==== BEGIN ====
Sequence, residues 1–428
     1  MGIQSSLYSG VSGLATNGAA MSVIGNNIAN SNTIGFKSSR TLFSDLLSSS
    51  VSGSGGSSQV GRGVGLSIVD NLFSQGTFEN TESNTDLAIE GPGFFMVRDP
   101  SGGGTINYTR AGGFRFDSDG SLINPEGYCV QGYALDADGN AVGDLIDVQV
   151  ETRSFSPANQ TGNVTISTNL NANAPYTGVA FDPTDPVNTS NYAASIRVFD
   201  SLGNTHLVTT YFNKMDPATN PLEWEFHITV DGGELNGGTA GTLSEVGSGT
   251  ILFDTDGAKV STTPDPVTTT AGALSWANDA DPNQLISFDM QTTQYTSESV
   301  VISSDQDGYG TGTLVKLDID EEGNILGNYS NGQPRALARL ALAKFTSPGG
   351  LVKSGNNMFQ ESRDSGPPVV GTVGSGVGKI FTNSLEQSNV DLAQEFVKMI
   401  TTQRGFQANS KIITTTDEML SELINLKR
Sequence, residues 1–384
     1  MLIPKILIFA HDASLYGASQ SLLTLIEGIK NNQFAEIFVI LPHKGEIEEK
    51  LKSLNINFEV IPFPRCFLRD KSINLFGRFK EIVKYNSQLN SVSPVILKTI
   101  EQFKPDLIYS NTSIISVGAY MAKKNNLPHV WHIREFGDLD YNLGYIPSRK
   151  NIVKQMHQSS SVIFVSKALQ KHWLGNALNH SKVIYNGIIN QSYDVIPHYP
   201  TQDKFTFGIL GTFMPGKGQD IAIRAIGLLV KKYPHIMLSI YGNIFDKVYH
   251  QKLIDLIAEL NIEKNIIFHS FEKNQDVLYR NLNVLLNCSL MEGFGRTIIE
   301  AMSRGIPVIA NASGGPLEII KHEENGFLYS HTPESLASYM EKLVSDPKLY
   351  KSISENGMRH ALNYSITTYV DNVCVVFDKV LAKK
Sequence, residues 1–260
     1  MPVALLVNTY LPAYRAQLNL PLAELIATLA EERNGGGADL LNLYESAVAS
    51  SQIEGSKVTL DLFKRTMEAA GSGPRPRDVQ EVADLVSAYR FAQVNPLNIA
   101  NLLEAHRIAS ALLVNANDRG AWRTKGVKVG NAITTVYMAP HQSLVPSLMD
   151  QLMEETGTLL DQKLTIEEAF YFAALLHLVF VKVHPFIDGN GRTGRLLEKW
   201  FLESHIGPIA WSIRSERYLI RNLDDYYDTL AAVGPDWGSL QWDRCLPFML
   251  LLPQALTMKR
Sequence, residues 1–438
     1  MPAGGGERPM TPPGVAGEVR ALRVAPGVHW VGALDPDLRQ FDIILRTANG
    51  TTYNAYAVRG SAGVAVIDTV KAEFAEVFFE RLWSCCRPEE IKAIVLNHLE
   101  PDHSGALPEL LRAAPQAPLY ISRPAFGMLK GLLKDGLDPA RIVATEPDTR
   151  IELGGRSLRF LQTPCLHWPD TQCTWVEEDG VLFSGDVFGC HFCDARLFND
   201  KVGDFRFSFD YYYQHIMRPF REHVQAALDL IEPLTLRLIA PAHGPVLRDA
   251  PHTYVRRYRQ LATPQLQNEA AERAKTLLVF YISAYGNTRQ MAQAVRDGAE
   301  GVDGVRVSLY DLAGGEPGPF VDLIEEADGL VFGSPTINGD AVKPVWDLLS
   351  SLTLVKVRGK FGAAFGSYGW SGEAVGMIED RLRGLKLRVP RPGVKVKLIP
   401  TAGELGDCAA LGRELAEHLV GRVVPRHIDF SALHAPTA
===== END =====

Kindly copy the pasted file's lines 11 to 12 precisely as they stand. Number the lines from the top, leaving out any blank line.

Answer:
Sequence, residues 1–384
     1  MLIPKILIFA HDASLYGASQ SLLTLIEGIK NNQFAEIFVI LPHKGEIEEK